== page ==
Enhancement of drug delivery in tumors by using interaction of nanoparticles with ultrasound radiation

Irina V. Larina, B. Mark Evers, Taras V. Ashitkov, Christian Bartels, Kirill V. Larin, Rinat O. Esenaliev

Research output: Contribution to journalArticlepeer-review

77 Scopus citations


Efficacy and safety of cancer chemo- and biotherapy are limited by poor penetration of anti-cancer drugs from blood into tumor cells. Tumor blood vessel wall, slow diffusion in the interstitium, and cancer cell membrane create physiological barriers for anti-cancer drugs, in particular promising macromolecular agents. Recently, we proposed to use selective accumulation of exogenous nano- and microparticles in tumors followed by ultrasound-induced cavitation for safe and efficient drug and gene delivery. In this paper, we first investigated the influence of polystyrene nanoparticles (100 and 280 nm in diameter and concentration up to 0.2% w/w) on cavitation threshold in water at the frequency of 20 kHz. Then, using optimal irradiation parameters found in the first part of this work, we studied efficacy of cancer chemotherapy with this technique. The experiments were performed in athymic nude mice bearing human colon KM20 tumors, which are highly resistant to chemotherapy. Ultrasound with the frequency of 20 kHz in combination with i.v. injected polystyrene nanoparticles was applied to enhance delivery of chemotherapeutic agent 5-fluorouracil. Our studies demonstrated that ultrasound irradiation in combination with the nanoparticle and drug injections significantly decreased tumor volume and resulted in complete tumor regression at optimal irradiation conditions, while the volume of control (non-irradiated) tumors increased despite drug injections. These data suggest that ultrasound-induced drug delivery may improve efficacy of current cancer treatment regimens.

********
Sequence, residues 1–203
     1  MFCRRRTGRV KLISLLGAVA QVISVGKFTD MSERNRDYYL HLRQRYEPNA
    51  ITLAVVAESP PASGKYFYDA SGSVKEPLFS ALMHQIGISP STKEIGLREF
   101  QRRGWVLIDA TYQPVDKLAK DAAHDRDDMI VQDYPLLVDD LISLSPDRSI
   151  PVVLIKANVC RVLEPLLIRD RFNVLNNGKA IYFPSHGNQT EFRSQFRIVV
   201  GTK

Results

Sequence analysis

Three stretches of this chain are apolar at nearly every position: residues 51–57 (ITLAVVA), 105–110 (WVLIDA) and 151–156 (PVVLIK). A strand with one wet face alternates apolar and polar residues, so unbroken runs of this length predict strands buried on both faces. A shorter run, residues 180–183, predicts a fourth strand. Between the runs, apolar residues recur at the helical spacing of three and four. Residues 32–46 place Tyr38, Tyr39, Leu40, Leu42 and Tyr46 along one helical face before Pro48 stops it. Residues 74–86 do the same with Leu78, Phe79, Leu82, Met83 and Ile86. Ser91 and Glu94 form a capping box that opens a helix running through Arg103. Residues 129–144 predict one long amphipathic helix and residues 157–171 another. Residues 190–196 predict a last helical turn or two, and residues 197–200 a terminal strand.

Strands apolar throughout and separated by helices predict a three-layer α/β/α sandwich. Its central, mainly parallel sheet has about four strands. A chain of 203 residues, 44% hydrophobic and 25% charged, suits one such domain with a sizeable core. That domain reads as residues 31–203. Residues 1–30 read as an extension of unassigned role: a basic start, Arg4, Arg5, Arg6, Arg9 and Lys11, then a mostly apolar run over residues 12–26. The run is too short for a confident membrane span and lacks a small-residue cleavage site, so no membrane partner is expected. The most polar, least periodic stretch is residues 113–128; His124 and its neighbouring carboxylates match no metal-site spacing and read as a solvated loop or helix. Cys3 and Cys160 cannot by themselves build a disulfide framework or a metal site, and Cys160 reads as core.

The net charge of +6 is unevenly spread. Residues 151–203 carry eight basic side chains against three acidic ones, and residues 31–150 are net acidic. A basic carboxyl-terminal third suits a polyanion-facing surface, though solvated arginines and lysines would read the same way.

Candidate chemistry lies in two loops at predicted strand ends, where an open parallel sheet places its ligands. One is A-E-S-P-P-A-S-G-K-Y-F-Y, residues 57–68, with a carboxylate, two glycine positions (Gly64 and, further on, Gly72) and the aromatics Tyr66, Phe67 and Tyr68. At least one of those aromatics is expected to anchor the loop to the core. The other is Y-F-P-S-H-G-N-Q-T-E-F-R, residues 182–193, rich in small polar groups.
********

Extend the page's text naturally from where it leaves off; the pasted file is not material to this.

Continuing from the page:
Original languageEnglish (US)
Pages (from-to)217-226
Number of pages10
JournalTechnology in Cancer Research and Treatment
Issue number2
StatePublished - Apr 2005


  • Biotherapy
  • Cancer
  • Cavitation
  • Chemotherapy
  • Drug delivery
  • Ultrasound

ASJC Scopus subject areas

  • Oncology
  • Cancer Research


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